(NEW YORK) — Amazon founder Jeff Bezos is set to blast to the edge of space and spend a few minutes outside Earth’s atmosphere Tuesday on the first crewed flight from his firm Blue Origin.

The milestone launch in the modern commercial space race comes on the 52nd anniversary of Neil Armstrong and Buzz Aldrin’s moon landing in 1969, though the space-faring landscape has evolved by giant leaps since then as billionaires emerge as key players driving the new race to the cosmos.

Bezos, who holds the title of the richest man in the world per Bloomberg data, has said the spaceflight will fulfill a lifelong dream.

He has also expressed hope that Blue Origin will make space more accessible to all, though bidding for a seat on the first flight reached a whopping $28 million. The anonymous bidder who paid $28 million, however, won’t make it on Tuesday due to “scheduling conflicts.” Blue Origin has not disclosed how much the teen who replaced the initial bidder paid for his seat.

The Amazon founder will be accompanied on the historic journey by his brother, Mark Bezos, as well as the oldest and youngest people ever to go to space, Wally Funk, 82-years-old, and Oliver Daemon, 18. Funk is a trailblazing female pilot who trained to be an astronaut during the original U.S.-Soviet space race era but was told they were only sending men to space at the time. Daemon is a Dutch student set to begin classes at Utrecht University this fall, and is the first paying customer for Blue Origin after the initial auction winner backed out.

What is happening and how to watch

Liftoff of the inaugural Blue Origin flight is scheduled for 9 a.m. ET from a rural complex just north of Van Horn, Texas. In total, the flight will be 11 minutes, with approximately three minutes spent above the so-called Karman line that is defined by some as the boundary between Earth’s atmosphere and outer space. After re-entry, the astronauts are set to descend back to Earth in their capsule with a parachute-landing in the west Texas desert.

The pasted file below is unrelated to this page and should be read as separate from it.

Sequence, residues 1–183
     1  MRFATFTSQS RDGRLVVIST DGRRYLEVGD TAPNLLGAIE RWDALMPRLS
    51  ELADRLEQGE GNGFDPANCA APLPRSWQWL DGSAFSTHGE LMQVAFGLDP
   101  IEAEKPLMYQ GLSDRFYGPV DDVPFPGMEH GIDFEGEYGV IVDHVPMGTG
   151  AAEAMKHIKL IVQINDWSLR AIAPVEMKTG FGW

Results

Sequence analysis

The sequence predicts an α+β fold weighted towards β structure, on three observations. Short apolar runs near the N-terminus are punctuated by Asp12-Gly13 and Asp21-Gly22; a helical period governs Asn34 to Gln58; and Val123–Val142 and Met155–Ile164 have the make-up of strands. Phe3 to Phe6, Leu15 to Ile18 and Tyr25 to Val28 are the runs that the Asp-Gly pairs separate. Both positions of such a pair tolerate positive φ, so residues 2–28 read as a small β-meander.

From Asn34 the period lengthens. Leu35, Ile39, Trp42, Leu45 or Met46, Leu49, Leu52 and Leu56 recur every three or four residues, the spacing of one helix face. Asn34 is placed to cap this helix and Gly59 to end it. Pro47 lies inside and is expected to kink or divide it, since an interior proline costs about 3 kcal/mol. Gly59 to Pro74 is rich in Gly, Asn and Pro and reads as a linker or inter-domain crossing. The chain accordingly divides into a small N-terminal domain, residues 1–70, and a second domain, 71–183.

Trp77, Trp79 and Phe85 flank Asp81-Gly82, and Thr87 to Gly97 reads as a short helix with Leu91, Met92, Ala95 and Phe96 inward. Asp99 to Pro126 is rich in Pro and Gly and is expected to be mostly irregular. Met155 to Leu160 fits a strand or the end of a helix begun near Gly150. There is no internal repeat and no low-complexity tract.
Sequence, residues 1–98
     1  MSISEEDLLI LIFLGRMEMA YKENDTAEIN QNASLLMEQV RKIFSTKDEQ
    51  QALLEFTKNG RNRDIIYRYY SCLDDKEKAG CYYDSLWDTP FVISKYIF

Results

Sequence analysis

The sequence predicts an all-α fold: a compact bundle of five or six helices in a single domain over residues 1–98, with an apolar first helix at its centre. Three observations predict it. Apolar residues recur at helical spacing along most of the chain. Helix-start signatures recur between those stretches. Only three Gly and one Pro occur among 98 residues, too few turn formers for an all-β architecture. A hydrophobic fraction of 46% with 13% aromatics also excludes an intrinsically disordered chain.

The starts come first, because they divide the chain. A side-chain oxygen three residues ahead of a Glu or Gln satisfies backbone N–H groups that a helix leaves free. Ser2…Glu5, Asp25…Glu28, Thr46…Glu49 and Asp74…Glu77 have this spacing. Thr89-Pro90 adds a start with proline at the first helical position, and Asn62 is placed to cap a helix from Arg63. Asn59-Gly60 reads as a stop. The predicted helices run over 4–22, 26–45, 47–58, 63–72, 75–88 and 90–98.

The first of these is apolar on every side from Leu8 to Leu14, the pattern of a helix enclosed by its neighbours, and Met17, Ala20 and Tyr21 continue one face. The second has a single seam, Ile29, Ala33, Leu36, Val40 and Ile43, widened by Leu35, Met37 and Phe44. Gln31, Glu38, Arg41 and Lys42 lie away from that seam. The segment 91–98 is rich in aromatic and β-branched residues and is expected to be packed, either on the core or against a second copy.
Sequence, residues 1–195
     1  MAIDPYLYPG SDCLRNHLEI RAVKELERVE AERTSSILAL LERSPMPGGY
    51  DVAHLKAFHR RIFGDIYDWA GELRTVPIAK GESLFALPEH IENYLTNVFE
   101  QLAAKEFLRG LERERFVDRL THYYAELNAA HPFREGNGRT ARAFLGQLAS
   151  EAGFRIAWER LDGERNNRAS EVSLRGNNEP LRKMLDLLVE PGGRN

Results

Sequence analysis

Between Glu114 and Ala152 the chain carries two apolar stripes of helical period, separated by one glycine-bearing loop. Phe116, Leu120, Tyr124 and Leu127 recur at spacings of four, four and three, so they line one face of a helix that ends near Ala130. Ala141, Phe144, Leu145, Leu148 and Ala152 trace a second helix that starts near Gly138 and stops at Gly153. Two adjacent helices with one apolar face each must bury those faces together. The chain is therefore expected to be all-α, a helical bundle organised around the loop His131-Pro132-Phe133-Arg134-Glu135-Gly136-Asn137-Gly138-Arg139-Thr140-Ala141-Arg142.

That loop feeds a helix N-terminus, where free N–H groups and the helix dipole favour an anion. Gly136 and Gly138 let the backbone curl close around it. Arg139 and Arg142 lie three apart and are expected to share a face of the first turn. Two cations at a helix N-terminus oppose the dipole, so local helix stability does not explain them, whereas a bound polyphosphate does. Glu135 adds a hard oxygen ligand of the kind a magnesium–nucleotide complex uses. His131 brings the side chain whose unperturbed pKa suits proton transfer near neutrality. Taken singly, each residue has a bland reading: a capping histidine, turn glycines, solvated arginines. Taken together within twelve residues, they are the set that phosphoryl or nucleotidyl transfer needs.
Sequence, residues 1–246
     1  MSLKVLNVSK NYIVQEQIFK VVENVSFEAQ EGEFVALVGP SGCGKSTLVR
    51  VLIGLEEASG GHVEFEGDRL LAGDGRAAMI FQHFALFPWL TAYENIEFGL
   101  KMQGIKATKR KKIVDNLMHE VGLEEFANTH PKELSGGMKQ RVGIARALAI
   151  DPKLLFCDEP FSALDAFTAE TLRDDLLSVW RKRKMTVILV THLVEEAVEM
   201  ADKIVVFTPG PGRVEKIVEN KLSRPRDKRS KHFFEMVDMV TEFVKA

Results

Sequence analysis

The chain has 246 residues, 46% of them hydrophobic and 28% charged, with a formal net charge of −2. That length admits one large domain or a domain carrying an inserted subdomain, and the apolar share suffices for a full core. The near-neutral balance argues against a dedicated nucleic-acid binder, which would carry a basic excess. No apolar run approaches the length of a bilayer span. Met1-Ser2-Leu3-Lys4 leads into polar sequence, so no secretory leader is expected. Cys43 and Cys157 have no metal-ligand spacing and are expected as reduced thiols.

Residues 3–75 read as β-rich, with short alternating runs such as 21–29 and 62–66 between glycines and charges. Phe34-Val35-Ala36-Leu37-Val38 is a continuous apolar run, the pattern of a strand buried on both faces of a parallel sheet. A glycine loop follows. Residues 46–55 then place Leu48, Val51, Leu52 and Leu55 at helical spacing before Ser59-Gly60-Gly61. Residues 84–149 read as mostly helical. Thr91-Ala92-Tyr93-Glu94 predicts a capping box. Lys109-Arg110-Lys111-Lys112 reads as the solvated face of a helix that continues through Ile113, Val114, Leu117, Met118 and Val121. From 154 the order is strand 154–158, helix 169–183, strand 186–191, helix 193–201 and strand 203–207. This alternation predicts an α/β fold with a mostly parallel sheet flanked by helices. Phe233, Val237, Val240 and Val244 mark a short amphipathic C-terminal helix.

ABC News will carry live coverage of the event, which will also be streamed on Blue Origin’s website. The live broadcast will begin at 7:30 a.m. ET. Unlike most spaceflights, there are no on-site public viewing areas in the vicinity of the launch site. The newly-minted astronauts are set to have a press conference shortly after landing back on earth.

There is no pilot aboard the fully-autonomous capsule. While Blue Origin’s New Shepard has flown 15 test flights, Tuesday’s will be the first with humans on board.

The definition of “space” has emerged as a heated debate point in the new space race, as Sir Richard Branson took heat for not passing the Karman line (roughly 62 miles above earth) during his Virgin Galactic spaceflight earlier this month. Neither Blue Origin nor Virgin Galactic’s flights will reach Earth’s orbit, however, the way Elon Musk’s SpaceX missions have. Musk, also a billionaire player in the new space race, on Twitter has called out this “big difference.”

While the modern space race has become the arena of the ultra-wealthy at a time when a global pandemic on earth has exacerbated inequities, some argue the rise of private sector involvement has saved NASA money and accelerated technological advances — which in the long-term has the potential to open up space tourism to all who have been curious about the cosmos.

Still, the billionaire daredevils using themselves as guinea pigs for their private space tourism firms have not had the same support astronauts garnered during the original U.S.-Soviet space race. Animosity was exacerbated by reports that Bezos and Musk have avoided income taxes. A Change.org petition calling for Bezos to stay in space has garnered headlines and more than 160,000 signatures.

In an interview with ABC News’ “Good Morning America” just one day ahead of the spaceflight, Bezos said he is curious how briefly leaving Earth will “change” him.

“I don’t know what it’s going to mean for me,” Bezos said. “I don’t know, I’m very curious about what tomorrow is actually going to bring. Everybody who’s been to space says it changes them in some way. And I’m just really excited to figure out how it’s going to change me.”

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